August 31, 2015 at 11:58 PM by Dr. Drang
I’ve been trying out the official Twitter app on both my iPhone and my Mac. The iOS app has certainly improved, especially with the most recent version released last week, but after five or six days of experimentation I’m returning to the comfort and convenience of Tweetbot.
To me, the biggest improvement to Twitter1 on iOS is getting rid of that hideous baby blue band from the top of the home timeline. I don’t think of myself as especially sensitive, but whenever I tried out Twitter in the past, that color would drive me away in less than a day. Now that I think of it, it’s Twitterrific’s color choices that have kept me away from it, too, so maybe I’m more sensitive than I’d like to admit. At any rate, Twitter’s baby blue branding is still there, but only in the button icons, which are on a more palatable white background.
Twitter for iOS is distinctly better than Tweetbot in two areas: the presentation of (certain) images and the presentation of (certain) linked web pages.
For reasons I’ve never understood, Twitter clients have a tradition of displaying images inside a wide rectangle, cropping the image if necessary to make it fit. I suppose the idea was to conserve vertical space so more tweets could fit onscreen, but all it did was force me to tap on the images so I could see what I was missing. I even tapped images that were wide rectangles to expand them, because there was no way to know if they were cropped or not.
The new Twitter eliminates some of that tapping by presenting most images at or near their native aspect ratios. Tweetbot, by contrast, is still cropping severely, and the browsing experience is distinctly worse because of it.
Twitter still does some cropping, so it’s not what I’d really like to see, but its presentation of images is something I’m going to miss.
Twitter is also better at presenting links to web pages that have implemented Twitter Cards. It’s nice to see a little description and (usually) an image from the linked page instead of just a truncated URL.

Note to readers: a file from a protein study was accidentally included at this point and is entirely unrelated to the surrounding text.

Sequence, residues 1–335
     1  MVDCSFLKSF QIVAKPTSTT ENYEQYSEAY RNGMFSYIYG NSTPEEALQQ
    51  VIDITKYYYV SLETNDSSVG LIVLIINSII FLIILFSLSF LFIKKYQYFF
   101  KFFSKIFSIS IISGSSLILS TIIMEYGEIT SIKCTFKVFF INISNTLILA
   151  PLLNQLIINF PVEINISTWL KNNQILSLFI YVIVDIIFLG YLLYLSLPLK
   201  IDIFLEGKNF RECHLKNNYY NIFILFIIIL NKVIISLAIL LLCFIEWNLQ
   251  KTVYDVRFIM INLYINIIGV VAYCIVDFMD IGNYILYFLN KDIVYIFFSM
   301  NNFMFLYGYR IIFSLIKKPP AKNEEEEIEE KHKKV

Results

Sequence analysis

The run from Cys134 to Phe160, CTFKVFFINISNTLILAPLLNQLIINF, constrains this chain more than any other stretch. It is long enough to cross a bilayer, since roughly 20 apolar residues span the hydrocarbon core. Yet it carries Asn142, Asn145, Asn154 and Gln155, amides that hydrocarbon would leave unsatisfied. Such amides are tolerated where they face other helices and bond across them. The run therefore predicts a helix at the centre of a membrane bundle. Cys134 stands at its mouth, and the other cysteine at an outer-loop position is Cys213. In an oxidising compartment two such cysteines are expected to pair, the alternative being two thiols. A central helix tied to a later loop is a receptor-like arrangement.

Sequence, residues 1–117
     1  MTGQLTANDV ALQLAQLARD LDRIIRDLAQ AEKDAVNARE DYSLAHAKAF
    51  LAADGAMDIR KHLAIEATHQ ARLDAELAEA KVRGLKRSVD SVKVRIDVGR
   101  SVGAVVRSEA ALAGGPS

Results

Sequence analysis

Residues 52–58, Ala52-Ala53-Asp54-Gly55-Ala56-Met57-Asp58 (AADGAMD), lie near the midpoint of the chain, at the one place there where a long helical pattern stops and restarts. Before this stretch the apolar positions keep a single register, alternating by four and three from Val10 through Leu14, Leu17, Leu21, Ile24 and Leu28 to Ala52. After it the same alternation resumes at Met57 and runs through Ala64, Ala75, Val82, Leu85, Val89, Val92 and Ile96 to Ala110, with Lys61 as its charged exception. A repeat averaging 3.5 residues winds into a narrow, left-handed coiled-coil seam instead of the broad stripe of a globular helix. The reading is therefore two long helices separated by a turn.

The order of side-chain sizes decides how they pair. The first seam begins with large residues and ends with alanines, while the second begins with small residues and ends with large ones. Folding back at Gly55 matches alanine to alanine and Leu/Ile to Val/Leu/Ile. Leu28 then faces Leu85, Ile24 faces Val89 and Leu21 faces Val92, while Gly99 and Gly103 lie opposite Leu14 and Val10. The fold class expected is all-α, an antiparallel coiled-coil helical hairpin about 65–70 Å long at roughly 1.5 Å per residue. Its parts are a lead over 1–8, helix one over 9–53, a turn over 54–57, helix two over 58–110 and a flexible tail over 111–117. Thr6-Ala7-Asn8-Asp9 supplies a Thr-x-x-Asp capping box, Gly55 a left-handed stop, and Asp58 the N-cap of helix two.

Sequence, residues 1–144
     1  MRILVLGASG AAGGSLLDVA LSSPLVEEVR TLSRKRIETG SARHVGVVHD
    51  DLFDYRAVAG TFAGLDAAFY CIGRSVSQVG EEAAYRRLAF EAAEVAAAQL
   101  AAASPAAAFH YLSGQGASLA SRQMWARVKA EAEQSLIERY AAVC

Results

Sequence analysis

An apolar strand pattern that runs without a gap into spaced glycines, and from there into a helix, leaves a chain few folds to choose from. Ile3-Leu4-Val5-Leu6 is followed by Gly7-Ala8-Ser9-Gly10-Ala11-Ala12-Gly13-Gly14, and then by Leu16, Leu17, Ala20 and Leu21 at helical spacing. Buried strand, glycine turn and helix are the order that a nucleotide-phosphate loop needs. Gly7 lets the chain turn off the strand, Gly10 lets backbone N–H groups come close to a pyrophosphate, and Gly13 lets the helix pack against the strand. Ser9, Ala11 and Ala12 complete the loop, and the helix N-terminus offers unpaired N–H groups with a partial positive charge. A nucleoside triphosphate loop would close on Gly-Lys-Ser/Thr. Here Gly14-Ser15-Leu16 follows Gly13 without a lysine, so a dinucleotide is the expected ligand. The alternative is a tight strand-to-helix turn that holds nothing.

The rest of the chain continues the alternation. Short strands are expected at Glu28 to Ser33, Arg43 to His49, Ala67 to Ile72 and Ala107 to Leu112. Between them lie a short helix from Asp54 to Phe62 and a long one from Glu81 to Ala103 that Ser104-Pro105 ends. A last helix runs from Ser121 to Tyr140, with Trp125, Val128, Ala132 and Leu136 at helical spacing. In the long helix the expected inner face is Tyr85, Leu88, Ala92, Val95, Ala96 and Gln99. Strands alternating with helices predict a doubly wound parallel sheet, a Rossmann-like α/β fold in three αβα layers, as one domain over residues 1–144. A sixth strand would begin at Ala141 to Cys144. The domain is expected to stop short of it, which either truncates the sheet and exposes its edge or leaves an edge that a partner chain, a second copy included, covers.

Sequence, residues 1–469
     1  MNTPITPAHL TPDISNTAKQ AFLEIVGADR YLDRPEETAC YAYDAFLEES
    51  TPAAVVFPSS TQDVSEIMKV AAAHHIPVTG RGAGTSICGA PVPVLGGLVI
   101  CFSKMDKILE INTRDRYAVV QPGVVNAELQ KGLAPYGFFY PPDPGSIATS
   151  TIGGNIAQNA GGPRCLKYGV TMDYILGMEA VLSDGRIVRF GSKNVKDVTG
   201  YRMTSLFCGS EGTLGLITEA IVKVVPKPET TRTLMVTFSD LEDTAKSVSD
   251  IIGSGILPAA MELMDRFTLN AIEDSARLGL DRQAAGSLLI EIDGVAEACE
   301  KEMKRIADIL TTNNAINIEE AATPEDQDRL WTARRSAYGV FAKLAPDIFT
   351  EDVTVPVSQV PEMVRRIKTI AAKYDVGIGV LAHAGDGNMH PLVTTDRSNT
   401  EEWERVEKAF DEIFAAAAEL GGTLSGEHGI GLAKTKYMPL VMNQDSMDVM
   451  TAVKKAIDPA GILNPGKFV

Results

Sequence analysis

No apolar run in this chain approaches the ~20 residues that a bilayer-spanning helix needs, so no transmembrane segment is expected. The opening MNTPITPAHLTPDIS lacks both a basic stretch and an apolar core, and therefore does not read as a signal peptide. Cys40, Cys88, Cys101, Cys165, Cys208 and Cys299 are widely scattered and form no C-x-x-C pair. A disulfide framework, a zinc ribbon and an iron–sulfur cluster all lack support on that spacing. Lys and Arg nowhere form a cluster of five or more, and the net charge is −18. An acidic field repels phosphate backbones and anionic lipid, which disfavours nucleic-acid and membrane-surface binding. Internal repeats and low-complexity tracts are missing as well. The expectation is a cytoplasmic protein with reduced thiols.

This is something I fear Tweetbot will never catch up with. Accessing cards is, as best I can tell, not part of the Twitter REST API and not likely to become part of it.
Despite these advantages for Twitter, I’m going back to Tweetbot because the balance of features and presentation still tilts in its direction.
I mentioned above that Twitter is superior at presenting certain images. One set of images it’s not superior at is those that come from Instagram. Twitter is still apparently in a snit over losing out to Facebook on the purchase of Instagram, so it shows only the URLs of Instagram photos. Tweetbot, having no political ax to grind, displays Instagram photos directly in the timeline.
They’re still cropped, mind you, but at least they’re there. Many of the people I follow use Instagram, and it’s a pain to have to tap links and wait for Twitter’s in-app browser to open up the page.
Update 9/1/15 9:07 AM
Harshil Shah alerted me last night that I got my snits backward. It was Instagram that blocked Twitter. I’m not exactly sure how they manage that, as I thought anyone could get a direct link to an Instagram photo. That’s what I used to do in Dr. Twoot, anyway, and it always worked. I guess Instagram’s doing something to figure out who the requester is.
Another advantage of Tweetbot is the simplicity of its timeline. Each tweet appears once, whether it’s an original statement or a reply. In contrast, Twitter tries to provide context for replies by showing them along with excerpts from the conversation they were part of. While I appreciate that Twitter believes this makes conversations easier to follow, I don’t find that it does. In fact, I find myself often missing the new tweets in a conversation because my eyes glaze over as I keep seeing the same excerpts over and over. It’s true that Tweetbot’s minimalist timeline can sometimes lead to puzzling isolated replies, but context is only a right-to-left swipe away.
Lack of clutter is also why I prefer Tweetbot’s Mentions tab to Twitter’s Notifications. The retweets, favorites, and follows in Notifications are a distraction from what I really want to see, which is what people are saying to me. If I want to see that other stuff, I can go to Twitter Analytics or Favstar.
You’ll note that I haven’t said anything yet about the Twitter and Tweetbot Mac apps. That’s because neither are especially good. Tweetbot, though, has one big advantage: it actually stays in sync with its iOS counterpart. The two Twitter apps sometimes sync up nicely, but often drift away from each other. This is especially annoying to me because I switch back and forth between my iPhone and my Macs several times during the day. The whole point of using sister apps is to avoid scrolling around to find where I was on another device. Tweetbot gives that to me, Twitter doesn’t.
On the whole, I was impressed with how much better Twitter for iOS has become. It just hasn’t improved enough to take over for Tweetbot.
From here on, I’m going to be calling the official Twitter app “Twitter” instead of “the official Twitter app” and hoping that there’s no confusion between the app and the service. ↩